Dynamics CRM: Should You Use Business Process Flows?

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I recently was asked a question by someone upgrading from CRM 2011 to CRM 2015 who wanted to know if they should implement business process flow or keep using the legacy sales stage field.

The majority of our CRM 2013 and 2015 deployments use business process flows for process driven entities like opportunities and cases. The reason they do is because it designs the form around the process, and gives users a map for what they need to do. Think of it as the map in TurboTax or the indicator on your LinkedIn page that shows you how complete it is. Without it, users are left on their own to figure out how to work a record. In some cases that's not a bad thing though. If you have all senior people who are experts at their roles, frequently they can very quickly find what they need to do on the form. However, I think the map analogy works really well as business process flow is a map to users to show them what they need to be doing next, and an indicator of how we got here, so management can visually see where we are in the process and what steps have been done.
But you have to use them correctly. The following is a blog post that I wrote detailing some of our lessons learned and best practices: http://blog.customereffective.com/blog/2014/06/microsoft-dynamics-crm-business-process-flow-lessons-learned.html
One of the most powerful features of the business process flow is the ability to connect separate entities via process flow, allowing users to seamlessly move between stops as if it was all part of one entity. For example, say a property management company had a process started with an application and then went to a lease. You could have a process flow that connects the application with its related lease, so you can see how far someone has come in the application to lease process. Here's another post where I documented the lessons learned about multi-entity process flows: http://blog.customereffective.com/blog/2014/08/dynamics-crm-cross-entity-business-process-flow.html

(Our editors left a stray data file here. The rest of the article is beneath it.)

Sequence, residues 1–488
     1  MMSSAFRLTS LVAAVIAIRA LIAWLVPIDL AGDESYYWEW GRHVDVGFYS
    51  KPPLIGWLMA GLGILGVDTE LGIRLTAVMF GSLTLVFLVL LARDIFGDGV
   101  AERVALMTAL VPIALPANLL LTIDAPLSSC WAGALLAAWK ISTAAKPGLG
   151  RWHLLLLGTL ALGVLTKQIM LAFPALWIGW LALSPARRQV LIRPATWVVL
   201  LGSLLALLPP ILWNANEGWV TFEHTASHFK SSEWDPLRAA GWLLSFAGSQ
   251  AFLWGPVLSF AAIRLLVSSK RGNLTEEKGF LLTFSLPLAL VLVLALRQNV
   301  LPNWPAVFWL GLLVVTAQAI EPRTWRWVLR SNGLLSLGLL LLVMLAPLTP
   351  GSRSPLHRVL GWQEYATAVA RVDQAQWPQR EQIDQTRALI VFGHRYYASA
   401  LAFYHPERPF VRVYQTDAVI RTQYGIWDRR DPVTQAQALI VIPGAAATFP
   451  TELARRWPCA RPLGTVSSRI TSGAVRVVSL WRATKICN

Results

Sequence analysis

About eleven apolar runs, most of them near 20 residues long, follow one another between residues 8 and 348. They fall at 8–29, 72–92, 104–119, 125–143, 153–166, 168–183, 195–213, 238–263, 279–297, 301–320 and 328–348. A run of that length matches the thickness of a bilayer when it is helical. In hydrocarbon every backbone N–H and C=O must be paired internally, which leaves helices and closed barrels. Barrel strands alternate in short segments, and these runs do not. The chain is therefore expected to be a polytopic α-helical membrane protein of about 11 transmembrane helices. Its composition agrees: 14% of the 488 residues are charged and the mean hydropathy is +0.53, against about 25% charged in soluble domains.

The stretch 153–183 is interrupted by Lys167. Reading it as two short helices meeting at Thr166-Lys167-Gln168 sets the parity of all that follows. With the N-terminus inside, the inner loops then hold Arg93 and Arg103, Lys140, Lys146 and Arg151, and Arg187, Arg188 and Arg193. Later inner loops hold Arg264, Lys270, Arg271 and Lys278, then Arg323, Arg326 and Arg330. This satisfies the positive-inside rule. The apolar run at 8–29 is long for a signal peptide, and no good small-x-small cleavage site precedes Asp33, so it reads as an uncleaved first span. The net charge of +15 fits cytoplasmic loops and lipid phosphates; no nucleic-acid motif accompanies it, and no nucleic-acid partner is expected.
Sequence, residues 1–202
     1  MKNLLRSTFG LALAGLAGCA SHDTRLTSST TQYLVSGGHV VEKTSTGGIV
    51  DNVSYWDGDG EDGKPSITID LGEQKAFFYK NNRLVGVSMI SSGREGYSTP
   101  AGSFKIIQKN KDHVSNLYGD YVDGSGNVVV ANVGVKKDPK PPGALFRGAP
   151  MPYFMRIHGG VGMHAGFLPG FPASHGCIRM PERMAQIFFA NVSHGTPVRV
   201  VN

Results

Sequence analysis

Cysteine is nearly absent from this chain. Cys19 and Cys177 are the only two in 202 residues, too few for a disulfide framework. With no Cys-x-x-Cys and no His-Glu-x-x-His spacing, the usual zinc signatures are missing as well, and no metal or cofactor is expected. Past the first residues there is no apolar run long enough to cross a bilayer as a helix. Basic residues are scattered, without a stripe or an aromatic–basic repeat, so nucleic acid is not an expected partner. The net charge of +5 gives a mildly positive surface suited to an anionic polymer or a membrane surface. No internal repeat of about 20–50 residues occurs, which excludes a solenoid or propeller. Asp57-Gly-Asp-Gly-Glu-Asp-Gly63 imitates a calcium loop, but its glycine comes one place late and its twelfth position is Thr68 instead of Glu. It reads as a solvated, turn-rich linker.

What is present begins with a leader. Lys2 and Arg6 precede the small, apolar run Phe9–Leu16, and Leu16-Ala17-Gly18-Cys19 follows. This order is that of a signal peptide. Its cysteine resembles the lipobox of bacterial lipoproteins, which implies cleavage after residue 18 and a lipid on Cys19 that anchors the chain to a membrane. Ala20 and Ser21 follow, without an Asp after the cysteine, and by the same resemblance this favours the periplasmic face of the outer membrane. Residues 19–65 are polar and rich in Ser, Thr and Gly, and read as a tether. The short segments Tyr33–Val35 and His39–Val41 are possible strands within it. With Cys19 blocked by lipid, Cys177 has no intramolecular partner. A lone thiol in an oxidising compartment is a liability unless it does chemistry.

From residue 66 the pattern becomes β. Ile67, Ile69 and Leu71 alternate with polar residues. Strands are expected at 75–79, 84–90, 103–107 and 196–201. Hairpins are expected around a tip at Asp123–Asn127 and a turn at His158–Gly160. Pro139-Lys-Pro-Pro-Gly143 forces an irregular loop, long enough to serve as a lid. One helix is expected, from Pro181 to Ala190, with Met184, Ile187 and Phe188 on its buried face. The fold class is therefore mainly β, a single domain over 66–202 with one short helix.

So the point I would make is that process flows are not just for sales opportunities. They're great for any type of record or process that has defined start and end. Some of our clients who started with CRM 2013 chose not to use process flows due to some limitations around what kind of conditional logic you could use with them, for example if you had multiple groups with different processes. Many of these clients are now reevaluating process flows, because the 2015 version introduced conditional branching, so we have much more flexibility now to handle complex processes. See https://technet.microsoft.com/en-us/library/dn887193.aspx.
Of course, even if you choose not to use business process flows, CRM can still be configured in the user friendly way that meets your processes. Business process flows are only a visualization of the process, they're not "the process."
By Hitachi Solutions
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